Sunday, January 03, 2016

2015: Best year to be alive, but also a year of absurdity

A juxtaposition - a pessimistic look of 2015 and the pain we, in the West, inflict on ourselves by George Will (Washington Post):

We learned that a dismal threshold has been passed. The value of property that police departments seized through civil asset forfeiture — usually without accusing, let alone convicting, the property owners of a crime — exceeded the value of property stolen by nongovernment burglars. [...]

The Internal Revenue Service persecutes conservative advocacy groups but does not prosecute IRS employees who are tax cheats: An audit revealed that over the past decade, the IRS fired only 400 of the 1,580 employees who deliberately violated tax laws, rather than the 100 percent required by law. [...]

A suburban Washington high school promoted self-esteem by naming 117 valedictorians out of a class of 457. Two Edina, Minn., elementary schools hired “recess consultants” to minimize “conflict” — children saying “Hey, you’re out!” rather than “Nice try!” The principal of a San Francisco middle school withheld the results of student elections that did not produce properly “diverse” results.
But a year of hope as well - from John Stossel looking at the world as a whole. While the US, along with much of the west, may be making incremental moves away from economic and personal liberty that has brought them prosperity, much of the rest of the world has been moving in the opposite direction with quantifiable, positive and predictable results (Fox):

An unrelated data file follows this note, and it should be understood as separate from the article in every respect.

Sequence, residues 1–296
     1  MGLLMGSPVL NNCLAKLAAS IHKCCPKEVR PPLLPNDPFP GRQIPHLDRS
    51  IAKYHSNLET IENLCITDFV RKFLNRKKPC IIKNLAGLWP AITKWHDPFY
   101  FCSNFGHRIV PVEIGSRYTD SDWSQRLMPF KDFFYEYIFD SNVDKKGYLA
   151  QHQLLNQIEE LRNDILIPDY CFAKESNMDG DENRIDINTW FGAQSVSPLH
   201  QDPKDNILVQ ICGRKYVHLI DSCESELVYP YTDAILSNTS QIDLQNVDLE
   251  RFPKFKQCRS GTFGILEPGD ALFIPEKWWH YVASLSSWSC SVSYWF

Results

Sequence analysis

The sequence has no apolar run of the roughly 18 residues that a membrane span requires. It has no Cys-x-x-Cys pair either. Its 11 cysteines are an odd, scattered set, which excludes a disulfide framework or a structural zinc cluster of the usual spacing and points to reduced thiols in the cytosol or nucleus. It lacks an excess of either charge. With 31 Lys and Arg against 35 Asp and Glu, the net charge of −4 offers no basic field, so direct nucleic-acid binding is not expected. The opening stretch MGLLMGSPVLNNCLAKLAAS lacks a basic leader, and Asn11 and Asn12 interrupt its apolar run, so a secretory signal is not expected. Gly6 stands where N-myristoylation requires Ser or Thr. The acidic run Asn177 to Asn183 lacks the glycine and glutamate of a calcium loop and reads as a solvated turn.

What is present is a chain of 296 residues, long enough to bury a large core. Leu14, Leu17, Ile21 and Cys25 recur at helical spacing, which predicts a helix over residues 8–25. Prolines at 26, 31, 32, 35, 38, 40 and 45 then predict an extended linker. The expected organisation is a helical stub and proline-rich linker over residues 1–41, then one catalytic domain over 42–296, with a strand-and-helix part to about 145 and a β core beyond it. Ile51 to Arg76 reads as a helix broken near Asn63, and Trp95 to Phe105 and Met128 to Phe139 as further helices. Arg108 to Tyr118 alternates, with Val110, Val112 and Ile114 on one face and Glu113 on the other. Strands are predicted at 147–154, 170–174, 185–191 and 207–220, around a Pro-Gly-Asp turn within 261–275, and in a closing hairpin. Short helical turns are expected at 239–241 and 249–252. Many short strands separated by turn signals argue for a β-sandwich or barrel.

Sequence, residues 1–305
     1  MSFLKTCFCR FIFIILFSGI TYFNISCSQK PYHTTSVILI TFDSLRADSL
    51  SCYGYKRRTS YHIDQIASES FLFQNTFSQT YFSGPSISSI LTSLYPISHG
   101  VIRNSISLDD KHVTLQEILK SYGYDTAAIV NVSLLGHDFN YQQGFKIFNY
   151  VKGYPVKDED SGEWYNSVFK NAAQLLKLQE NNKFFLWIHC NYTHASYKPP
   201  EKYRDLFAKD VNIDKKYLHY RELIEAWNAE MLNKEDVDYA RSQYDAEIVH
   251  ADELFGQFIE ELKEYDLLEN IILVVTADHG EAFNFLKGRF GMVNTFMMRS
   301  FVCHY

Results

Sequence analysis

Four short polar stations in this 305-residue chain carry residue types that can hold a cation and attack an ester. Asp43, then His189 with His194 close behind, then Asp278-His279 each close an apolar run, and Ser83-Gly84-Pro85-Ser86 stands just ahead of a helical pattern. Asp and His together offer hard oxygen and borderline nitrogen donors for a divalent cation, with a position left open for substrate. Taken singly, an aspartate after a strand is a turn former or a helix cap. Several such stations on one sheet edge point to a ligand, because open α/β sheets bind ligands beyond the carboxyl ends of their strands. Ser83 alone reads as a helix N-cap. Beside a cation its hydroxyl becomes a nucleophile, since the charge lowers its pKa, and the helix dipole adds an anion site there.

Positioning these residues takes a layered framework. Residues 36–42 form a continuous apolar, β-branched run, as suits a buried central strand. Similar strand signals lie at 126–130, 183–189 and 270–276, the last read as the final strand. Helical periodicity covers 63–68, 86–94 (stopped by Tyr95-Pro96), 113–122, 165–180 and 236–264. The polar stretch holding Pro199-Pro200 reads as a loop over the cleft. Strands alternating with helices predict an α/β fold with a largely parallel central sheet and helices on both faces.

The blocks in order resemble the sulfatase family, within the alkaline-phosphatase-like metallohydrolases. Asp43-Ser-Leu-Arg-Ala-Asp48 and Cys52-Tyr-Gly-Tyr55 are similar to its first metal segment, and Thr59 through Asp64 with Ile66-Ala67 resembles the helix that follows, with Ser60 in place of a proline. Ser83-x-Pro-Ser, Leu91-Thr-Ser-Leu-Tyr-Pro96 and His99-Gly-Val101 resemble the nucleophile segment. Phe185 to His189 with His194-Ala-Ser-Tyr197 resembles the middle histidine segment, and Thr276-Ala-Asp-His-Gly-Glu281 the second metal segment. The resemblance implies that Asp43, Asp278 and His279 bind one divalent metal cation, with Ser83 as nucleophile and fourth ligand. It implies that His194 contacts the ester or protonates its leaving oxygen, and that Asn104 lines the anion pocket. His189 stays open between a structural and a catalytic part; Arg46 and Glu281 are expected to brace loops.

Twenty-five years ago, 2 billion people lived in extreme poverty -- that meant surviving on about a dollar a day, often with little access to basic needs like water and food. “Experts” predicted that number would rise as the population grew. Happily, thanks to the power of free markets, they were wrong. In the space of a generation, half the people most in need in the world were rescued.

Ten percent of the world’s people still live in dire poverty, but the trend is clear: Where there is rule of law and individual freedom, humanity is better off. As Marian Tupy of puts it, “Away from the front pages of our newspapers and television, billions of people go about their lives unmolested, enjoying incremental improvements that make each year better than the last.”

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